Central bankers need to show patience on future interest rate hikes as the U.S. economy slows, Dallas Federal Reserve President Robert Kaplan told CNBC on Thursday.
"We've raised rates eight times over the last 2½ or 3 years," said Kaplan, who is not a voting member on the central bank's policymaking committee this year or next year. "I think all that means we ought to shorten up on our assessments and be really patient."
Kaplan, who voted in favor of all three rate increases last year, appeared on "Squawk Box" as Dow futures were pointing to about a 400 point drop at Thursday's open. (The NYSE and Nasdaq were closed Wednesday for George H.W. Bush's funeral.) The Dow Jones Industrial Average tanked nearly 800 points, or 3 percent, on Tuesday. It was the biggest decline since the October rout. The Dow and S&P 500 were able to stay out of a correction, but Tuesday's decline sent the Nasdaq back into correction territory.
The number of rate hikes next year has been the subject of great debate on Wall Street as concerns about the cost of borrowing money and an economic slowdown continue to slam the stock market.
The Fed, at its Dec. 18-19 meeting, is expected to raise rates for the fourth time this year. After its September rate hike, the Fed projected three rate increases into 2019. The current target range for the central bank's benchmark federal funds rate, which banks charge each other for overnight lending, stands at 2 percent to 2.25 percent.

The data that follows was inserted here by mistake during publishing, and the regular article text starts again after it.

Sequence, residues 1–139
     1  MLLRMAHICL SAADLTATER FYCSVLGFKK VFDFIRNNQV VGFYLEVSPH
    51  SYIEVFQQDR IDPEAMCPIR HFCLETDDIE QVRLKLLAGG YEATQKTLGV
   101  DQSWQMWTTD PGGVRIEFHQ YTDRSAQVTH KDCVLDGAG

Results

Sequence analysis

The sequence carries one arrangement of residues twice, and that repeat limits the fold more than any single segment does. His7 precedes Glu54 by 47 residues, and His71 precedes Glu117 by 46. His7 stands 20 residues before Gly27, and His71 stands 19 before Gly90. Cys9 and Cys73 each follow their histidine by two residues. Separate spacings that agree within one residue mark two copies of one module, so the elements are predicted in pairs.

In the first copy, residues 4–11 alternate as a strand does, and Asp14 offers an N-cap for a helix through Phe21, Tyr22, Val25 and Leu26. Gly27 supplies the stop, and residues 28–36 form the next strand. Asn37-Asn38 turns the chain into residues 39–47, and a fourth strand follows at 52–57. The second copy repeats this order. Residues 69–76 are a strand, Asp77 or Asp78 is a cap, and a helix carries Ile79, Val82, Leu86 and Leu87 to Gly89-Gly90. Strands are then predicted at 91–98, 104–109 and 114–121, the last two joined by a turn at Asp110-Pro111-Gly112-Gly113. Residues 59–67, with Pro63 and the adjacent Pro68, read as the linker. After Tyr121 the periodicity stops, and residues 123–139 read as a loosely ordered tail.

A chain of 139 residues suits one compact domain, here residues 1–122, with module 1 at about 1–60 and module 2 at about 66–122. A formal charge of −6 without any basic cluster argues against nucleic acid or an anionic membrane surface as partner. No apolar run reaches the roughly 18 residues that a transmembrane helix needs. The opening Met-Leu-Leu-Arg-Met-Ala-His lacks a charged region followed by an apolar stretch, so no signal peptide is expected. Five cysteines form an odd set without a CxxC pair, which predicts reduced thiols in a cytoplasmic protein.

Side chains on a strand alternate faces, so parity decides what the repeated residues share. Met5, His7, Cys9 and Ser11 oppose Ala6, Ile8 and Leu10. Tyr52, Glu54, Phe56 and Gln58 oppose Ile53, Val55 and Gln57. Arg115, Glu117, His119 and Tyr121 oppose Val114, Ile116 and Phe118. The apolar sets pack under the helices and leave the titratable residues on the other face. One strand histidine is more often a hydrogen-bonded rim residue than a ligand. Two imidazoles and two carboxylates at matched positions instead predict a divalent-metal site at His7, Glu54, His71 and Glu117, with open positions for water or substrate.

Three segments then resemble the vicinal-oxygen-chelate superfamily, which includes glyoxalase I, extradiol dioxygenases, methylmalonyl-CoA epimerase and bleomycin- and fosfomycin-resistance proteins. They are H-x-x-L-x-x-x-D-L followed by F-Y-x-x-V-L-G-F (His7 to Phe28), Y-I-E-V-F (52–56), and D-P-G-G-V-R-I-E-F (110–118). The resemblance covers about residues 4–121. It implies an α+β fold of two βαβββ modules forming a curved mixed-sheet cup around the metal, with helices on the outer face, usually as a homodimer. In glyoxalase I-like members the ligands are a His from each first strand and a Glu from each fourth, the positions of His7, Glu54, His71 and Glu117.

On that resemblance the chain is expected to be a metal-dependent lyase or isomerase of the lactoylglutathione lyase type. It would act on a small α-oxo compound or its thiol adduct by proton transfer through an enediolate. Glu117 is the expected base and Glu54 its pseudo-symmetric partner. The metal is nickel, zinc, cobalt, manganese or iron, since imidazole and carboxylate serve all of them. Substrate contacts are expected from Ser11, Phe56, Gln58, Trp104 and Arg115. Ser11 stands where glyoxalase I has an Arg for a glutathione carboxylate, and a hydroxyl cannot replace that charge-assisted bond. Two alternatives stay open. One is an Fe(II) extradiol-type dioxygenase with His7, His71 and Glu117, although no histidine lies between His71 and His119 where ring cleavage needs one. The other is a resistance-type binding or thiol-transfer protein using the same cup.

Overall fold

Kaplan said Thursday he wouldn't comment on whether he expects the Fed to raise rates later this month. But he added the markets are indicating the economy will be "sluggish." He's predicting growth of 2 to 2.5 percent next year.
"I'm very attuned that the economy is going to look very different in 2019 then it does today because fiscal stimulus is waning," he said, adding U.S. growth has been outpacing the rest of the world. "If global growth slows, we're not going to be immune to that."
Fed Chairman Jerome Powell , under repeated criticism from President Donald Trump for increasing rates, last week appeared to walk back his comments from Oct. 3 that rates were a "long way" from so-called neutral, which for October led to the worst monthly stock market losses in about seven years.
In last week's speech at the Economic Club of New York, Powell said that rates are "just below" neutral, easing concerns about an aggressive rate-hike plan by the Fed. The market then rallied three out of the next four sessions before Tuesday's plunge.